Did you know that the Albuquerque chapter of the NAACP was established in January 1915 – nine years after the national organization was founded in 1906?
Though many notable Albuquerque residents served and continue to dedicate their time to the NAACP, we want to highlight Mr. Hobart LaGrone, a devoted member and former president of the both the local and state chapters of the NAACP throughout the 1950s and until his death in 1966. Under Mr. LaGrone’s leadership, the NAACP Albuquerque Branch welcomed nationally and internationally known African American scholars and artists, namely Dr. W.E.B DuBois, Langston Hughes, and Dr. Ralph Johnson Bunche to speak in town regarding urgent sociopolitical matters. Mr. LaGrone (center) is pictured above in this Albuquerque Journal photo with Dr. Bunche (left of center) from his lecture on the United Nations in May 1952.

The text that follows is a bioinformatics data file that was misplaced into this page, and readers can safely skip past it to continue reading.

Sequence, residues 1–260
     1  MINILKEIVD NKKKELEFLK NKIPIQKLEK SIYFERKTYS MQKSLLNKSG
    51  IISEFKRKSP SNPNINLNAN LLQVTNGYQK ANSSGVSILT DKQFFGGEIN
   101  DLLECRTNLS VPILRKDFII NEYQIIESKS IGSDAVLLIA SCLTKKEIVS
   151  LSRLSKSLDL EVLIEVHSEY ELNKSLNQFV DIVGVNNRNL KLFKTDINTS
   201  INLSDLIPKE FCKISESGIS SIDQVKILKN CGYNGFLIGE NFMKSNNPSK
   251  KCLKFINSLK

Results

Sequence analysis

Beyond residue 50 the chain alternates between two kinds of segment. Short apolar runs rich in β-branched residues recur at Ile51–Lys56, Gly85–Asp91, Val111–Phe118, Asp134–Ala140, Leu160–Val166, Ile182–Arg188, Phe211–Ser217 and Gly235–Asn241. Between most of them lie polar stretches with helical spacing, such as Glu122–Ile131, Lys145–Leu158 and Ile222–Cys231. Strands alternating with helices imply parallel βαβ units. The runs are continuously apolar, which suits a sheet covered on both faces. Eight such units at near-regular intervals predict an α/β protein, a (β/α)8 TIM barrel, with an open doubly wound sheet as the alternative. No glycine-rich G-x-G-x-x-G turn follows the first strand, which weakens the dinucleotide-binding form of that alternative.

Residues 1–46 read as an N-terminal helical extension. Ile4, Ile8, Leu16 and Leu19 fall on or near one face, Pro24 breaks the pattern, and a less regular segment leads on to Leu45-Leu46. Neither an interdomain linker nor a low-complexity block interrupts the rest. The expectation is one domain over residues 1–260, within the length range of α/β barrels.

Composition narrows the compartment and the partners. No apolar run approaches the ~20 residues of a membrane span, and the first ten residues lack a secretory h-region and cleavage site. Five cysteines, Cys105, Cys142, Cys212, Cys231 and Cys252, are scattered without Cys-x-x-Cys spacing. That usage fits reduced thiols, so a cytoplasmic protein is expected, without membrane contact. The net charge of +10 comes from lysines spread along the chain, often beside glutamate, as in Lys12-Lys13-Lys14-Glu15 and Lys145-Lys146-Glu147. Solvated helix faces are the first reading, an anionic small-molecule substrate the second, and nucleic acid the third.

A postman by day, Mr. LaGrone’s NAACP work shed light on discrimination and racial justice issues in Albuquerque and New Mexico more broadly. He attended GI Forum meetings, worked with state senators to end school segregation in New Mexico, and was instrumental in spearheading the Albuquerque Civil Rights Ordinance in 1952, to name a few key accomplishments. Just three years before his death, the city honored Mr. LaGrone for his dedication to civil rights causes.
Hobart LaGrone and his brother Oliver, a renowned artist, are two members of a dynamic family we’re currently researching at the museum, though we look forward to learning about more family members and their community in Albuquerque. Look for another post this week on the life and work of Oliver LaGrone.